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"Learn” Serendipity for More Compelling Photos

Paris is not only the City of Light, but also the city of discoveries. Its busy streets are full of life day and night, which makes it a perfect place for street photography. However, in order to get some really compelling photos, spiced up with a bit of magic, one needs some luck and that is where serendipity can help.

Known as one of the most difficult English words to translate, serendipity means the accident of finding something good without looking for it. As one might guess, it is essential for urban photography. However, due to its accidental and unforeseeable nature and certain vagueness (how does one find something he is not looking for?), it is not an easy instrument to use.

Sophnos Greece, by Henri Cartier-Bresson (1961)
Sophnos Greece, by Henri Cartier-Bresson (1961)

Still, there are ways of “learning” serendipity, or rather “taming” it and using it for your street photography.

Let’s learn from the classics. Famous French photographer Henri Cartier-Bresson was known as a master of composition and a genius of “the decisive moment”. From his early age, a book on the Golden Ratio and the principles of composition became his bed reading. The rules he learned and applied helped his images to be extremely well composed.

Salerno Italy, by Henri Cartier-Bresson (1933)
Salerno Italy, by Henri Cartier-Bresson (1933)

Cartier-Bresson used the following method: he began by picking a background that already seemed interesting to him because of its texture, geometric structure or accumulated images and signs, something he defined as ‘screen’. Then he waited for children or passers-by to come along and find their place in this layout of forms, which he described as “instant coalition”. As a result, his images started off from considerable mastery of composition, but still left a part to chance.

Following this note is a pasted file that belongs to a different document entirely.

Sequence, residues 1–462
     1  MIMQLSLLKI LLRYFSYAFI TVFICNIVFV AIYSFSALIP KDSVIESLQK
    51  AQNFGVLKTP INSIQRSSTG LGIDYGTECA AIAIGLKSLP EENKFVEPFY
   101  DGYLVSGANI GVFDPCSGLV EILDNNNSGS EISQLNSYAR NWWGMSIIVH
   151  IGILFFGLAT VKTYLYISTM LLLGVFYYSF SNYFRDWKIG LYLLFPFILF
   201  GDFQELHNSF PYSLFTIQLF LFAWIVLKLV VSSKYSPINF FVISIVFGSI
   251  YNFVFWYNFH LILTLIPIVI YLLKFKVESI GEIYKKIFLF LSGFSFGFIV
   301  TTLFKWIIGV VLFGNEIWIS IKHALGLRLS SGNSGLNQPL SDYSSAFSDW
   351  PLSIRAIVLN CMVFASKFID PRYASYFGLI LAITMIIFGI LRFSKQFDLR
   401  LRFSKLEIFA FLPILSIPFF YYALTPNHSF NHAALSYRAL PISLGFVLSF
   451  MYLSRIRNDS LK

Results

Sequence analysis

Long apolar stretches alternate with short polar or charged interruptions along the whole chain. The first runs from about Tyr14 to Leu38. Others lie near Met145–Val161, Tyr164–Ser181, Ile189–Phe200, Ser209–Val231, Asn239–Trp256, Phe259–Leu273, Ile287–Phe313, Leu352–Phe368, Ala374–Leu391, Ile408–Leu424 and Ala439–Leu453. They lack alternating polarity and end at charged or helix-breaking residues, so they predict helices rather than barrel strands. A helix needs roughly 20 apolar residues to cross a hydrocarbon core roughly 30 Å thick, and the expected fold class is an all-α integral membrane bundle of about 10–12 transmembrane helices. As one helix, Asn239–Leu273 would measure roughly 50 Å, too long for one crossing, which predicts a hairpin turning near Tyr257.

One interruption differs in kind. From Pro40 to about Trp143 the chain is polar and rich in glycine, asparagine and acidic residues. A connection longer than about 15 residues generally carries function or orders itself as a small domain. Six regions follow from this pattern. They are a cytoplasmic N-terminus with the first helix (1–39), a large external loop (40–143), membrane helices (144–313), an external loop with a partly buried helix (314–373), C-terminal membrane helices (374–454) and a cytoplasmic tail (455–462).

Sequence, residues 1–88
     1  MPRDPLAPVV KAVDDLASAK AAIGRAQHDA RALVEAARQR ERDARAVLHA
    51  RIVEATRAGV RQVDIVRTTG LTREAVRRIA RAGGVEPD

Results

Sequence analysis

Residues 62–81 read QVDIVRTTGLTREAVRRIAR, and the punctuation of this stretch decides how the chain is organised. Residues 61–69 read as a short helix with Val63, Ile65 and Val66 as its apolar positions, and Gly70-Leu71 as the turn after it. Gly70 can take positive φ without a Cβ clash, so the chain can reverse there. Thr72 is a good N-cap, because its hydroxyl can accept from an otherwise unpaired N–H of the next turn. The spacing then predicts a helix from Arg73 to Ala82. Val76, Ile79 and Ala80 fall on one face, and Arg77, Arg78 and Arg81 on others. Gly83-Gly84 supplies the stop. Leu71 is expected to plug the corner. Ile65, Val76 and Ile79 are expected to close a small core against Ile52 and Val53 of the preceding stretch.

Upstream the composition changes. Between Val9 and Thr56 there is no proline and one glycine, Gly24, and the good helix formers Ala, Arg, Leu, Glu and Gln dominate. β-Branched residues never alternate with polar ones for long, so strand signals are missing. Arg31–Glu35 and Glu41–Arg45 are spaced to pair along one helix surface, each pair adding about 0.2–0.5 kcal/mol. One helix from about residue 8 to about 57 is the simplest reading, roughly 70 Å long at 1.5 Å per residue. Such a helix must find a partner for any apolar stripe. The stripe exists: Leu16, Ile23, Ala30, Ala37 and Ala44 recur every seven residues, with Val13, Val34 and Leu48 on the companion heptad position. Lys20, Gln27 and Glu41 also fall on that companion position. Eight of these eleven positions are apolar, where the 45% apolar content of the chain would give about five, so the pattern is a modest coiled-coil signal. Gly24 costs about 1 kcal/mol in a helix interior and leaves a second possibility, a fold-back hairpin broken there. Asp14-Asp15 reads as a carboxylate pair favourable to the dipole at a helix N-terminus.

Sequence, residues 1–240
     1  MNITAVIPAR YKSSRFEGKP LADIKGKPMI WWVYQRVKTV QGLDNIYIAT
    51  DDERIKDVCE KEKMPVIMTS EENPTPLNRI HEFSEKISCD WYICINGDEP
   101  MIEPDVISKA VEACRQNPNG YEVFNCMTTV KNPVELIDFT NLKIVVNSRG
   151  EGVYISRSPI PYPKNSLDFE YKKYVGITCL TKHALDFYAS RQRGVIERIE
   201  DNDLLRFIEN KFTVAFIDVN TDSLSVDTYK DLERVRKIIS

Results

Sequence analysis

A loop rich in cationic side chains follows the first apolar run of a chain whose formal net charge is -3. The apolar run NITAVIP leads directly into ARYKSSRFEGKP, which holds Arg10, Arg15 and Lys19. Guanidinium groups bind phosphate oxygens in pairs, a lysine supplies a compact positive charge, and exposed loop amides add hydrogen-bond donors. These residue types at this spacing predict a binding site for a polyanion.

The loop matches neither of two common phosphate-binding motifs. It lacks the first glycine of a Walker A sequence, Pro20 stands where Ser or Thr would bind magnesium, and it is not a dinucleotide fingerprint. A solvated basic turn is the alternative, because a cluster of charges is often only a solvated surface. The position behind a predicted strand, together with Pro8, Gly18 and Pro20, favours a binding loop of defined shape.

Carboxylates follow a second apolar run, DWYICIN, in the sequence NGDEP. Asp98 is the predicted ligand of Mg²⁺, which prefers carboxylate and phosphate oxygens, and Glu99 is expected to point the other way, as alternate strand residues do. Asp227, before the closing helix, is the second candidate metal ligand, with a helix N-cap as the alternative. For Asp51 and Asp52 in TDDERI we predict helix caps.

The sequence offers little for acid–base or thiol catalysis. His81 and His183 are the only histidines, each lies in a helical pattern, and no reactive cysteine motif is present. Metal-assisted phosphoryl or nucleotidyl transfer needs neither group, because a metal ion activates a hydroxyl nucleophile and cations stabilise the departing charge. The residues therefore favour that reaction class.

By Henri Cartier-Bresson
By Henri Cartier-Bresson

Here are the key techniques for “learning” serendipity:

1. Take your time. In most cases, photography requires time and patience. It means wandering the streets, staying for some time in one place, observing life around you and waiting. Yes, it may be annoying for your fellow travelers, but that’s the price of a good image.

2. Be aware. Taking your time does not mean just sitting on the bench with your camera and yawning. It means constant observation and anticipation of events, including tracking the speed of passers-by, observing behavior of their dogs and calculating the itinerary of pigeons.

3. Frame your image. Just like Cartier-Bresson, choose a background that you find interesting, think of what and how you want it to be filled with and wait. Here’s where serendipity comes to play. You will never know what happens and when, and in most cases it will be much more than you thought.

4. Train your composition skills. Once you are familiar with composition basics, apply them as much as you can and finding a good frame will become easier.

5. Train your reaction. While waiting for someone to walk into your frame, you may certainly miss a photograph or two, or maybe more. A quick reaction is not only a matter of luck, but also that of training. With time you will become a true photographic sniper.

Boat, by Henri Cartier-Bresson
Boat by Henri Cartier-Bresson

Making good use of serendipity will become a wonderful tool for your street photography. All you need to do is to be ready for unexpected good things to happen to you and be prepared to press the button in the “decisive moment”.

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About the Author

Nadia Gric

Nadia Gric

Nadia is passionate about the visual aspect of life and the personalities she meets along the way. Living in the heart of Paris, Nadia never stops exploring the City of Light through her camera and readily shares her knowledge and love for photography.

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